icon-warningflag Start and keep a log book of everything you do and all conversations with people. It will be handy later when making a claim or if you need to remember something later.

icon-warningflag Track all expenses – everything. In the beginning you may not know what expenses are important to you. So track everything.

icon-warningflag Make sure that you check certifications of anyone who offers to work on your home or property. Even if it is to remove the debris.

icon-warningflag You’ll need to cover cost of cleanup, or have insurance cover it so estimating how much debris will also be important.

Hurricane Season Guidance for Businesses

 Before a Hurricane

Hurricane Warning Flag  Make and develop a well defined recovery plan.

Hurricane Warning Flag  Establish a communications plan to stay in contact with employees, vendors, clients and stakeholders.

Hurricane Warning Flag  Evaluate if your vendors have plans and if they can support you after a major storm or other crisis.

Hurricane Warning Flag  Evaluate your insurance to ensure proper coverage if you have not already done so. Does cover your needs and risks?

Hurricane Warning Flag  Learn if your building or property is in an area that will be impacted by storm surge or tidal flooding. Take necessary precautions.

Hurricane Warning Flag  Build an emergency kit.

Hurricane Warning Flag  Check your building and property for small items that can’t be tied down and bring them indoors.

Hurricane Warning Flag  Secure any items too big to bring indoors to prevent them from becoming projectiles during a storm.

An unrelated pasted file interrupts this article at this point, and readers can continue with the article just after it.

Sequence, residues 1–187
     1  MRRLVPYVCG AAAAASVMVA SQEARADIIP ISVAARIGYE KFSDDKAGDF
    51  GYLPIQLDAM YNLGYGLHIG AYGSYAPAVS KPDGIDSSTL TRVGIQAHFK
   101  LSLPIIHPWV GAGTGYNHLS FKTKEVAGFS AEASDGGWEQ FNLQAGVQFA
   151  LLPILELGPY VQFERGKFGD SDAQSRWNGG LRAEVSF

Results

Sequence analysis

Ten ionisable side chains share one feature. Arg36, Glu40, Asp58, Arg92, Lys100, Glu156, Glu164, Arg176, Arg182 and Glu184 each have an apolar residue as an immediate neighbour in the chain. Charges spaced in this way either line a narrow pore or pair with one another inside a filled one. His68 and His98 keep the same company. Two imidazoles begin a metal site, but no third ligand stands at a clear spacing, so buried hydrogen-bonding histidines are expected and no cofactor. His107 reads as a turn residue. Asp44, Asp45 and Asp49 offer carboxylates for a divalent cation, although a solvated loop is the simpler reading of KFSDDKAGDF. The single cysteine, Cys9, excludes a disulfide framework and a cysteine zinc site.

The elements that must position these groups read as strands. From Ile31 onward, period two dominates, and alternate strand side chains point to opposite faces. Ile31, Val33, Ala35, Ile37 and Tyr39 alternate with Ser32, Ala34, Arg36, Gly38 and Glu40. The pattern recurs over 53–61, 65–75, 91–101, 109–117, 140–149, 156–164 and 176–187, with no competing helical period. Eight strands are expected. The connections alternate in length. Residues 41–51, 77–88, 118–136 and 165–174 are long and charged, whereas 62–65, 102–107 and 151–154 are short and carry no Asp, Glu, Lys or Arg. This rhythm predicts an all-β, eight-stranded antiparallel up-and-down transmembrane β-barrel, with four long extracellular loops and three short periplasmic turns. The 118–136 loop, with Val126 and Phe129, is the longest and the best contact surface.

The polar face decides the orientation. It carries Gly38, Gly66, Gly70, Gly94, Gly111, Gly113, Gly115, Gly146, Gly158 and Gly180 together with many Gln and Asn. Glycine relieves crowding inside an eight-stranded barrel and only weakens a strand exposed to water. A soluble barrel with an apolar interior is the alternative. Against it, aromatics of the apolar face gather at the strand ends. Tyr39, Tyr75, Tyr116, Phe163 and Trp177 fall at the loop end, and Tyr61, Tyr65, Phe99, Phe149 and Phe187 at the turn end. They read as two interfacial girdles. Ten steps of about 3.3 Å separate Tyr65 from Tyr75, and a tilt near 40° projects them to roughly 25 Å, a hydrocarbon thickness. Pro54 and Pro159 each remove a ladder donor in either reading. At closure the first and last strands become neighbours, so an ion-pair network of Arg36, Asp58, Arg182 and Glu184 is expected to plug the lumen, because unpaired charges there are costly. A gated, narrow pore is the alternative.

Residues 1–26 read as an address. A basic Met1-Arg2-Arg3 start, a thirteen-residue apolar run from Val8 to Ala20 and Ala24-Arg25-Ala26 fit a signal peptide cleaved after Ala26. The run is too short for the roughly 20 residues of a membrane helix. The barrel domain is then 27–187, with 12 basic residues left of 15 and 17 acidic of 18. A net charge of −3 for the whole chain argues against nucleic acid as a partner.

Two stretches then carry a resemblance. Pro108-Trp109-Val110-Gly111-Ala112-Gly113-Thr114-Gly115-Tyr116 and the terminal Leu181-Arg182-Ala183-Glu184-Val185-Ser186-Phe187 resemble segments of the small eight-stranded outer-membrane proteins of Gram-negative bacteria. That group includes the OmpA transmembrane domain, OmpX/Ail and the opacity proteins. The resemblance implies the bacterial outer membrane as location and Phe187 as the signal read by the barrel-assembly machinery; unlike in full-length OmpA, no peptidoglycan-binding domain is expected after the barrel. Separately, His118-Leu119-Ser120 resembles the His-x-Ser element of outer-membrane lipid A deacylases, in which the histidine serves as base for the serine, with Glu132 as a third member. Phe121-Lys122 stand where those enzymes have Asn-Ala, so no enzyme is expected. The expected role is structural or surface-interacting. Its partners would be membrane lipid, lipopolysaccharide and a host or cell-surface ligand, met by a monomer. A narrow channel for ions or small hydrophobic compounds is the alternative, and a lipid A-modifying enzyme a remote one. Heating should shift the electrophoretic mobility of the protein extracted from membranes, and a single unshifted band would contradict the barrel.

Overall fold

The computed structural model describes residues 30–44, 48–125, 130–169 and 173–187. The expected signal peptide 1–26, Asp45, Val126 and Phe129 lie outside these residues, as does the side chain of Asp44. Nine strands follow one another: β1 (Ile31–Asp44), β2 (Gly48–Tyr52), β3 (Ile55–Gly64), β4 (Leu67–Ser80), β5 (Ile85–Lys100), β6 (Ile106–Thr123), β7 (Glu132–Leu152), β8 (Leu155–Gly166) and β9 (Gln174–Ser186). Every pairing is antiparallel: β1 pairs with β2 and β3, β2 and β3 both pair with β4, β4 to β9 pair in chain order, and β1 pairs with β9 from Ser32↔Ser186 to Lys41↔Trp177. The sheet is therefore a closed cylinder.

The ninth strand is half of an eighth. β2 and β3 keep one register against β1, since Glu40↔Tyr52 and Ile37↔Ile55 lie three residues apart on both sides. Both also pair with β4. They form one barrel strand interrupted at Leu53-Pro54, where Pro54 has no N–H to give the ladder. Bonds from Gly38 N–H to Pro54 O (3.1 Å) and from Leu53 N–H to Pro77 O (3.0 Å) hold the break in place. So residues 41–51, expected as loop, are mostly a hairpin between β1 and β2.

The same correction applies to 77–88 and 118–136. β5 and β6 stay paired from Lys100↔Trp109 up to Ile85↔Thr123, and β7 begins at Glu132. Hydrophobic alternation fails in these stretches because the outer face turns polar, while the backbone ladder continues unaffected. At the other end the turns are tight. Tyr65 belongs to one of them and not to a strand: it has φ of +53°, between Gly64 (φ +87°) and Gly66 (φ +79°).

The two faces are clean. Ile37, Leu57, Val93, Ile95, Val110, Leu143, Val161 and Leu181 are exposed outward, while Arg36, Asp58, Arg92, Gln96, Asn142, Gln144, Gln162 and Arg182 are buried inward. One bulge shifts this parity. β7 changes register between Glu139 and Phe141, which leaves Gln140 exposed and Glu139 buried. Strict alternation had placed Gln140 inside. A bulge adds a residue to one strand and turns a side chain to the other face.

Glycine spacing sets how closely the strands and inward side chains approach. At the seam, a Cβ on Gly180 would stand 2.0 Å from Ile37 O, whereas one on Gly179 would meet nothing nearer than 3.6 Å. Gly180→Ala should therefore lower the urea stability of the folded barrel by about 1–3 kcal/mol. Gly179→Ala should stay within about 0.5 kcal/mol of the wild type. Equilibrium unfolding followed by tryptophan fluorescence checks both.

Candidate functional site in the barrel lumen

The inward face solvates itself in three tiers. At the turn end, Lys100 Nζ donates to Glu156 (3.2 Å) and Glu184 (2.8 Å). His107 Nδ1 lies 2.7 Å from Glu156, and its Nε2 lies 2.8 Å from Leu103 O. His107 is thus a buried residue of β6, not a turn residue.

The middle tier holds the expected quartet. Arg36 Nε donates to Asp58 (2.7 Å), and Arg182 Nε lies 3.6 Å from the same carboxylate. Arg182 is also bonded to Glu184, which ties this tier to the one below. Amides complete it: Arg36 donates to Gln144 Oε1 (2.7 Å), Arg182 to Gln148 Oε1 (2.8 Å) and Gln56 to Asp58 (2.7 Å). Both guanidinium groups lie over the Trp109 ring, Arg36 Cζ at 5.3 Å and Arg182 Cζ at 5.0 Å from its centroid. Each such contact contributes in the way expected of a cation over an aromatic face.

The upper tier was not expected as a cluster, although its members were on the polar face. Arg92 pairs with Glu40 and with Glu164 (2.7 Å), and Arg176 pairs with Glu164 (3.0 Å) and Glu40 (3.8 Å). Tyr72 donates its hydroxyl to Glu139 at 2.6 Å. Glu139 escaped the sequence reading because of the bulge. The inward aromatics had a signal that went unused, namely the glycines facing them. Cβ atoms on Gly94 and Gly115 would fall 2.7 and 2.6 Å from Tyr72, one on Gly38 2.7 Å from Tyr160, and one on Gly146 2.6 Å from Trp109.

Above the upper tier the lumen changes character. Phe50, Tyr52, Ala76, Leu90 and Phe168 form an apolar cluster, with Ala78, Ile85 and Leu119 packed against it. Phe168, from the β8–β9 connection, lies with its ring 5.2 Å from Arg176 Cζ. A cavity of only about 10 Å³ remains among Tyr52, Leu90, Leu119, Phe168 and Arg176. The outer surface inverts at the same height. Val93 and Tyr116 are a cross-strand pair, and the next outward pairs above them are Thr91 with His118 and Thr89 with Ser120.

Hurricane Warning Flag  Cover all windows. Permanent storm shutters offer the best protection. An alternative option is to use 5/8” marine plywood. Have them cut to fit and ready to install over the windows prior to a storm approaching.

Hurricane Warning Flag  Trim trees and shrubs on your property so they are more resistant to wind.

Hurricane Warning Flag  Check and test generators if you have them.

Hurricane Warning Flag Monitor radio and TV for instructions from authorities.

Hurricane Warning Flag  Evacuate if told to do so.

Additional Hurricane Season Guidance Information

Our Hurricane Season Guidance is designed to provide you with specific actionable steps you can take to protect your home and business.

Hurricanes are the largest and most powerful storms on the face of the earth. They produce strong sustained winds, heavy rains, storm surges and of course flooding. All of which can wreck havoc in the impacted areas. From knocking out power, making roadways impassable, destroying coastal buildings and infrastructure to forcing the closure of businesses. In some cases permanently.

If you own or operate a business and you’re located in an area that can be impacted by a hurricanes. It is extremely important that you prepare for the potential impacts a storm may have on your business operations.

You can use the Storm Surge Simulator  to asses the impact a storm surge would impact you directly.

Should you need assistance or still remain uncertain about our Hurricane Season Guidance please Contact Us immediately so we can help you prepare today.

Continuity Co., LLC – “Preparing You Today, For The Unexpected Tomorrow”™   877-565-8324